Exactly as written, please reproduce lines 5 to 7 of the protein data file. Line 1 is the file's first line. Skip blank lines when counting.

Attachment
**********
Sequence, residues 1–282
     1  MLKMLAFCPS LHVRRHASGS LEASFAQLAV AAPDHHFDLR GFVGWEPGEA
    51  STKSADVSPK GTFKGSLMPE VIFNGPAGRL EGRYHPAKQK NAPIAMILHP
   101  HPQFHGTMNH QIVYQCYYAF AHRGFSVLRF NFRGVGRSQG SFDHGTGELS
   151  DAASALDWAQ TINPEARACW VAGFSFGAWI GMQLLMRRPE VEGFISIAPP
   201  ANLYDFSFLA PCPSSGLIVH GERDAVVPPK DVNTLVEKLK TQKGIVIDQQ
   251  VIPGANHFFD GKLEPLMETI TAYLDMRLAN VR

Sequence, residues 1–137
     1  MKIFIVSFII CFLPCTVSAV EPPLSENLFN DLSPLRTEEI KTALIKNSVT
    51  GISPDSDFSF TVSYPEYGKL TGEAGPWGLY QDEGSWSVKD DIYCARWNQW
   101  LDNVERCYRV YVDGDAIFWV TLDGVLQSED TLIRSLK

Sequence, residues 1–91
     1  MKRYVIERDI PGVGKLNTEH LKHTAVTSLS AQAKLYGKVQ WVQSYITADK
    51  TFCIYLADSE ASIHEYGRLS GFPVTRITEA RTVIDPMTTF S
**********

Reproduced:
   151  DAASALDWAQ TINPEARACW VAGFSFGAWI GMQLLMRRPE VEGFISIAPP
   201  ANLYDFSFLA PCPSSGLIVH GERDAVVPPK DVNTLVEKLK TQKGIVIDQQ
   251  VIPGANHFFD GKLEPLMETI TAYLDMRLAN VR